“Have you lied under oath before?”
The snide question from advocate Dali Mpofu to Tebogo Kekana on Tuesday, as he cross-examined the former investigator in the office of the public protector, summarised his efforts to discredit Kekana’s testimony that Busisiwe Mkhwebane had taken instructions from the State Security Agency (SSA).
Mpofu was challenging Kekana’s evidence to parliament’s section 194 inquiry weighing whether to recommend Mkhwebane be impeached. Kekana said she had been spoon-fed proposals by intelligence officials to change the mandate of the South African Reserve Bank (SARB).
Mpofu repeatedly put it to Kekana that handwritten notes of a meeting with former SSA director general Arthur Fraser and colleagues James Ramabulana and Maiendra Moodley suggested that the conversation had not, as he maintained, focused on the vulnerability of the Sarb in the apartheid era, but rather in the present.
It was a confusing tack. The CIEX-Bankorp investigation in question centred on Bankorp’s apartheid-era bailout by the Reserve Bank. It would arguably be less compromising for Mkhwebane had the meeting centred on the position of the central bank in the past.
The Bankorp probe followed a request from Accountability Now in 2010 for an investigation to establish whether the government had failed to act on a report by CIEX, a private British intelligence company, on the Reserve Bank’s bailout of Bankorp.
Mkhwebane concluded that Absa, which later acquired Bankorp, had to repay R1.125-billion. She went further still to direct that the Constitution be amended to allow the Reserve Bank’s mandate to be changed to one of promoting economic growth and ensuring the “economic well-being” of citizens.
In 2018, the Pretoria high court set aside the report, following review applications by both Reserve Bank and Absa, and found that Mkhwebane had exceeded her powers.
The ruling is one of several that have been considered prima facie evidence of misconduct on her part, and she is facing perjury charges for putting forth what the constitutional court has termed “a number of falsehoods” during the review litigation.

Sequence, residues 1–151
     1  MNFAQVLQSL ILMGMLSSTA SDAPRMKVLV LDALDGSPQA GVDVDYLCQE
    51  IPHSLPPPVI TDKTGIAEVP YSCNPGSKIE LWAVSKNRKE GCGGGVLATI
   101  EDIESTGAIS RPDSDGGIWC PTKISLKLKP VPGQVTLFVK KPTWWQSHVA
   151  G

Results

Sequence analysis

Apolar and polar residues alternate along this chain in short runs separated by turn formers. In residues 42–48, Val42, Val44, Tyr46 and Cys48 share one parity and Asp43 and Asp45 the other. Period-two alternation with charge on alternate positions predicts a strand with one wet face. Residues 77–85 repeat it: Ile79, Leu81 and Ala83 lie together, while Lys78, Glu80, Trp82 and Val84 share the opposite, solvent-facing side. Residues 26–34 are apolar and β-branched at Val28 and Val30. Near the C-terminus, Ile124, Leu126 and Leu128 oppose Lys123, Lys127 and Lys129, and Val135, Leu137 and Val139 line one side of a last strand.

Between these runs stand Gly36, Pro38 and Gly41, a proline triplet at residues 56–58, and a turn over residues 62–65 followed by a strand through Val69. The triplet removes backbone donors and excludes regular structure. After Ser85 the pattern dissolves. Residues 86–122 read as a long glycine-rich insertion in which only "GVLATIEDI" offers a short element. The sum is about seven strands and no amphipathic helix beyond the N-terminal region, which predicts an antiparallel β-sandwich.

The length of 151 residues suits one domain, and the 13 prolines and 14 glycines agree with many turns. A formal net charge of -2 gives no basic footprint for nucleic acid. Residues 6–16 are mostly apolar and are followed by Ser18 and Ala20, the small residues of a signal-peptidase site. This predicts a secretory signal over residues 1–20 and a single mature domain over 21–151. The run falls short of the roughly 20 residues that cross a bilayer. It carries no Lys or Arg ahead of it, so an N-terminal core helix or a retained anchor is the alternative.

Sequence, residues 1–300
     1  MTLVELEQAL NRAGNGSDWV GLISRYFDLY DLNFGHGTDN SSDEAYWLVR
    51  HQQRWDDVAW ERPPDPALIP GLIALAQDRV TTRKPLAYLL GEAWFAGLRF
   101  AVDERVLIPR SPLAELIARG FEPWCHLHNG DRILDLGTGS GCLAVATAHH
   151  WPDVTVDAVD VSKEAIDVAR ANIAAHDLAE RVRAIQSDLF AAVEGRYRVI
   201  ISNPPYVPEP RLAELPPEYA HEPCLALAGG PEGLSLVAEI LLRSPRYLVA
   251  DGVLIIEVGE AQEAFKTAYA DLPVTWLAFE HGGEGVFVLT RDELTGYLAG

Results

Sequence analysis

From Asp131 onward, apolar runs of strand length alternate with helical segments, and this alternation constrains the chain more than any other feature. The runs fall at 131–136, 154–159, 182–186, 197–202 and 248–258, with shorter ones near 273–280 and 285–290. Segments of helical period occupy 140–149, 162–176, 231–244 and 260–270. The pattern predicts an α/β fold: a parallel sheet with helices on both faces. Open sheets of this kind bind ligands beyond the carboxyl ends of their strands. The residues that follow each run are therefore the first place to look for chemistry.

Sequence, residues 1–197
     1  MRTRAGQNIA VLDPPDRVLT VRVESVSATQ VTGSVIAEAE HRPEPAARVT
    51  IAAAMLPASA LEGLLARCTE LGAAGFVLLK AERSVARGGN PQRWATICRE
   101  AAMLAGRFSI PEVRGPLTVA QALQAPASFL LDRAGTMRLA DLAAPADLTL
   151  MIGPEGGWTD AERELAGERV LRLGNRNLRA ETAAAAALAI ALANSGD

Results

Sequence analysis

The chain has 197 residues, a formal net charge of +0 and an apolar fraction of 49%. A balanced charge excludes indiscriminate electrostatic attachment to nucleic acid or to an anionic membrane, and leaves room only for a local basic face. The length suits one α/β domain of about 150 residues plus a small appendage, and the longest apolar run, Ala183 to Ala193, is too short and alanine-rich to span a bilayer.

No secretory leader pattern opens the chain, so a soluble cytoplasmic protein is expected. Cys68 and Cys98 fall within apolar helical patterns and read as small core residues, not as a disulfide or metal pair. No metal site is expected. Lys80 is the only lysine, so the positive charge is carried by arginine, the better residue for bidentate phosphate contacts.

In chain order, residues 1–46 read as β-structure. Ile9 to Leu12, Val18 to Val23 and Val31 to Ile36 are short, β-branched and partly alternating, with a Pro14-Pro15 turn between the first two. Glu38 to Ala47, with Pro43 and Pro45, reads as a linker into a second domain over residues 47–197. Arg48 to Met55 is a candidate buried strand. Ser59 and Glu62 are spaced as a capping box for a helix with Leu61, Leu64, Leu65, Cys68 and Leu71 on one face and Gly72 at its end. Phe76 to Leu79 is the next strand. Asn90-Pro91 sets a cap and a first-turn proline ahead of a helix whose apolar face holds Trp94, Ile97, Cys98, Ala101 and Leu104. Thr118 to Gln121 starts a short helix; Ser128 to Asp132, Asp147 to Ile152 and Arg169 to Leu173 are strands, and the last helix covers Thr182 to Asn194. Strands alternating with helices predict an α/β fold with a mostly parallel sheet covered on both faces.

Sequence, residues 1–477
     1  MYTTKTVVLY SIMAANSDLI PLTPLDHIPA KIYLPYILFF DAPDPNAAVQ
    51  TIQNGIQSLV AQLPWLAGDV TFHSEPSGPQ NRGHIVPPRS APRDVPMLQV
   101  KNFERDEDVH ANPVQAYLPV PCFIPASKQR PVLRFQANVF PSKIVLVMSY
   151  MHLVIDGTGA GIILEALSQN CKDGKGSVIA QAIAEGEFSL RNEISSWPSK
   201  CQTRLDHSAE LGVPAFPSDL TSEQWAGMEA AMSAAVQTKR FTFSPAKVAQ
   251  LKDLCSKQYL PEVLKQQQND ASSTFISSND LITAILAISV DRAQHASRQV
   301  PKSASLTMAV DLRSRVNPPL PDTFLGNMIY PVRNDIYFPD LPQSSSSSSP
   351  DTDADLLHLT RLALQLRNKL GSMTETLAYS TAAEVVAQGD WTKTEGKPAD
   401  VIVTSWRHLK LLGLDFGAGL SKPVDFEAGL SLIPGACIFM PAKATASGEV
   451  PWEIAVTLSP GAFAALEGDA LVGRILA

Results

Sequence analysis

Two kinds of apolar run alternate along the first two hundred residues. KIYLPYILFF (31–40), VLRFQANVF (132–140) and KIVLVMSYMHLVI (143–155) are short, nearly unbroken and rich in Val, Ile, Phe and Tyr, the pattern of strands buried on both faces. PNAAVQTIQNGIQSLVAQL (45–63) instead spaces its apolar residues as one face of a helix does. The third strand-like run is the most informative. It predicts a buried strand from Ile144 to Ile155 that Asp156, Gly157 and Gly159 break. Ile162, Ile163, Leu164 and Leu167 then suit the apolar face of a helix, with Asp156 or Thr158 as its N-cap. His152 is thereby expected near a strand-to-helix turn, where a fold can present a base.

The constitutional court found that her explanation as to why she would discuss the vulnerability of the bank with members of the SSA was incomprehensible. In the course of the review litigation, counsel for the SARB argued that the mere fact that Mkhwebane was discussing “the vulnerability” of the central bank with intelligence agents was cause for concern.
Her office countered that the meeting was intended to inquire about SSA’s contract with CIEX, although Kekana’s handwritten note from the 6 June meeting, which became part of the court record, contained the catchwords “independence” and “constitutional obligations”.
Kekana took notes of what transpired in the meeting but was soon told by Mkhwebane to stop. It was to these cryptic notes that Mpofu returned to suggest that because verbs were in the present tense, his client was somehow in the clear. He concluded his cross-examination by telling the committee he would argue that nothing Kekana had said could be deemed credible.
He had put it to Kekana that he was fired for dishonesty, a claim the witness disputed, saying he was suspended on the basis that he had spoken too freely to lawyers involved in the review case.
“The information I shared with the attorneys was in relation to the amendment of the Constitution, that’s what I recall advising them, and also indicating to them that we received a note from the SSA with the changes.”
In response to questions from ANC deputy chief whip Doris Dlakude, he said Mkhwebane had given no reason for why she did not want the meeting with the SSA recorded or minuted.
“From my knowledge the information that was discussed in that meeting was not classified … the discussions mostly centred around the Reserve Bank, pre-democratic era … She just did not want it included in the record,” Kekana said.
Likewise, he said he was given no explanation for her instruction that the investigators probing the Estina dairy farm project ignore information in the Gupta Leaks emails and excise any adverse findings against politicians.
“Depending on what we would find, chair, that was going to determine as to whether that information would assist us or not … there was mention of Vrede in the Gupta links and if there was any information that was relevant, we were definitely going to use that information.”
He testified that he knew references to politicians in the report on the dairy farm scam were removed because he was involved in doing so at Mkhwebane’s instructions.
On Monday, he testified that Mkhwebane said she did not care if the report were taken on review as a result. It was, and was set aside.